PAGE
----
Arctic sea ice extent remained lower than average in January, and just within two standard deviations of the long-term average. Arctic temperatures remained above average, even as cold winter air embraced North America. The retention of more sea ice in September 2013 has increased the overall thickness and volume of the ice pack compared to recent years. Antarctic sea ice remains significantly more extensive than average.
Overview of conditions
Arctic sea ice extent continued to track below average during January, remaining just within two standard deviations of the long-term average. The average extent for January was 13.73 million square kilometers (5.30 million square miles). This is 800,000 square kilometers (309,000 square miles) less than the 1981 to 2010 average, and 160,000 square kilometers (61,800 square miles) above the previous record low for the month of January set in 2011. Sea ice extent remains below average in the Barents Sea, the Sea of Okhotsk, and the Bering Sea. While recent winters have seen more extensive sea ice in the Bering Sea, this is the first January since 2005 for which below average conditions have been observed there. Extent is close to average in Baffin Bay, the Labrador Sea, and the Gulf of St. Lawrence.
Conditions in context
Air temperatures for January were higher than average over most of the Arctic Ocean, helping to keep daily ice growth rates at near average values. Air temperatures at the 925 hPa level were 2 to 4 degrees Celsius (4 to 7 degrees Fahrenheit) above average over the central Arctic Ocean and 7 to 8 degrees Celsius (13 to 14 degrees Fahrenheit) higher than average over the North Atlantic region, Greenland, Baffin Bay, and Alaska. Cooler than average conditions prevailed over Siberia (−4 to −8 degrees Celsius, or −7 to −14 degrees Fahrenheit) and the southern Beaufort Sea (−2 to −4 degrees Celsius, or −4 to −7 degrees Fahrenheit). This temperature pattern is consistent with a negative Arctic Oscillation pattern, which dominated the month of January. This is in contrast to the positive Arctic Oscillation pattern, which dominated December 2013, leading to anomalously warm conditions over Siberia and Eurasia and colder than average conditions over Greenland, Alaska, and Canada.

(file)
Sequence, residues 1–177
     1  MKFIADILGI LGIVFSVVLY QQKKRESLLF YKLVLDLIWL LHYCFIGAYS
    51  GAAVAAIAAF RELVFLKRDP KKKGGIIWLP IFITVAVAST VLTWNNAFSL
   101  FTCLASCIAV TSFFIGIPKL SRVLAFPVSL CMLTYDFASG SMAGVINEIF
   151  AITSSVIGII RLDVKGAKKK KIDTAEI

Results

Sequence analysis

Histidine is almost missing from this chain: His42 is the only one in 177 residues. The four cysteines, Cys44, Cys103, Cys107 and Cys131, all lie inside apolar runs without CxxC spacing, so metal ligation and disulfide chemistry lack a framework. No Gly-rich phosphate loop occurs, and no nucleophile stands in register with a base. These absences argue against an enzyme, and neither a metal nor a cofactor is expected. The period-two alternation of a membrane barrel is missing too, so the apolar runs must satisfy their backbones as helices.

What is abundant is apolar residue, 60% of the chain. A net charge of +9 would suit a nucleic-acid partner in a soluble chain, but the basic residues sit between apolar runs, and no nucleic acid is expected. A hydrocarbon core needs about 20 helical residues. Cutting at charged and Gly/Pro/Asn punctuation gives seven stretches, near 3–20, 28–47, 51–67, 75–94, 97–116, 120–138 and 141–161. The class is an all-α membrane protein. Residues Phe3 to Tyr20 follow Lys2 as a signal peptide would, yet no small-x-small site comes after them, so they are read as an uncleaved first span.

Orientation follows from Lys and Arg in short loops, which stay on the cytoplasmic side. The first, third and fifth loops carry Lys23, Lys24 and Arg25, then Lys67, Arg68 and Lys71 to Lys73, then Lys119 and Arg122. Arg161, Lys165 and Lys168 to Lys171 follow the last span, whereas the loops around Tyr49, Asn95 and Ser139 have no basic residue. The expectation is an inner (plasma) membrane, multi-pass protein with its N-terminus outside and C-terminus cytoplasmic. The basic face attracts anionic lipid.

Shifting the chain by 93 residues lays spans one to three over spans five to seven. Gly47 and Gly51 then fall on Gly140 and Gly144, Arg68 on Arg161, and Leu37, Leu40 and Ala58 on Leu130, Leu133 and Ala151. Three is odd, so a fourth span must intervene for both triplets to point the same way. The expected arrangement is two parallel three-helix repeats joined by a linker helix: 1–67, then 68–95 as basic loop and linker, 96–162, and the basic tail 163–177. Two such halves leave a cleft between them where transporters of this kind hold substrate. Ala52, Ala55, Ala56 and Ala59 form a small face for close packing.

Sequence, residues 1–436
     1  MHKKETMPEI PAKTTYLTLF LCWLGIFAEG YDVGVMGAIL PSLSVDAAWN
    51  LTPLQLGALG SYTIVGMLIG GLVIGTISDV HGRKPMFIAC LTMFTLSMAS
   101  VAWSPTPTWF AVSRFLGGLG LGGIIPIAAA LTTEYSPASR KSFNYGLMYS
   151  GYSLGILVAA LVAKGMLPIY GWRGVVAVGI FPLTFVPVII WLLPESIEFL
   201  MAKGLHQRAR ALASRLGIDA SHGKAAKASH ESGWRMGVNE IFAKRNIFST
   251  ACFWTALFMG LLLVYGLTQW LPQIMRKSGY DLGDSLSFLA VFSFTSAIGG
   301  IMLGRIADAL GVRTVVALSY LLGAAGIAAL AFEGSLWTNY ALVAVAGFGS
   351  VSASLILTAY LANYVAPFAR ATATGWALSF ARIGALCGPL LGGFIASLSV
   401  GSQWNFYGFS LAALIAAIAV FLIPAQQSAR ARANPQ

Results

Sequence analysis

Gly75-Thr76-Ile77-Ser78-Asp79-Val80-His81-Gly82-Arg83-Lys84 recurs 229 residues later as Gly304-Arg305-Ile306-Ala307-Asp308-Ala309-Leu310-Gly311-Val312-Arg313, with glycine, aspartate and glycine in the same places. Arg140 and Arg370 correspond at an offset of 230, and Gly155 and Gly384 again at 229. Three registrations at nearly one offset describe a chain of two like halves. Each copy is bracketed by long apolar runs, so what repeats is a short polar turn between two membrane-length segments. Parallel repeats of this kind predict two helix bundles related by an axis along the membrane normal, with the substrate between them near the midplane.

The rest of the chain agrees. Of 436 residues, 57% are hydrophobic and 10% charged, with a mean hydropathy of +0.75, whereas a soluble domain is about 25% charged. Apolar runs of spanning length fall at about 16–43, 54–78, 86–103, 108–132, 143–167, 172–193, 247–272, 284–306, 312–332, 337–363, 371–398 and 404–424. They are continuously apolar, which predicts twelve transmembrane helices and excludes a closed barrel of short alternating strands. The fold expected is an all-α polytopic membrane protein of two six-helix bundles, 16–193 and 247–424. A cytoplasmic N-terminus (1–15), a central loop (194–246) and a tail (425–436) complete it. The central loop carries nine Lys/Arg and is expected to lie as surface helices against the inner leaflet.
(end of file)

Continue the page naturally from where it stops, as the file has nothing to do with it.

January 2014 compared to previous years
Including 2014, sea ice extent for January is declining at a rate of 3.2% per decade relative to the 1981 to 2012 average, or at a rate of 47,800 square kilometers (18,500 square miles) per year. January 2014 is the fourth lowest extent in the satellite record, behind 2005, 2006, and the record low January 2011.
CryoSat suggests thicker ice than in recent years
While satellite observations have shown a decline in Arctic Ocean sea ice extent since the late 1970s, sea ice is highly mobile, and a decrease in extent does not necessarily imply a corresponding decrease in ice volume. Observations of thickness (which allows calculation of volume) have been limited, making it difficult to estimate sea ice volume trends. The European Space Agency (ESA) CryoSat satellite was launched in October 2010 and has enabled estimates of sea ice thickness and volume for the last three years.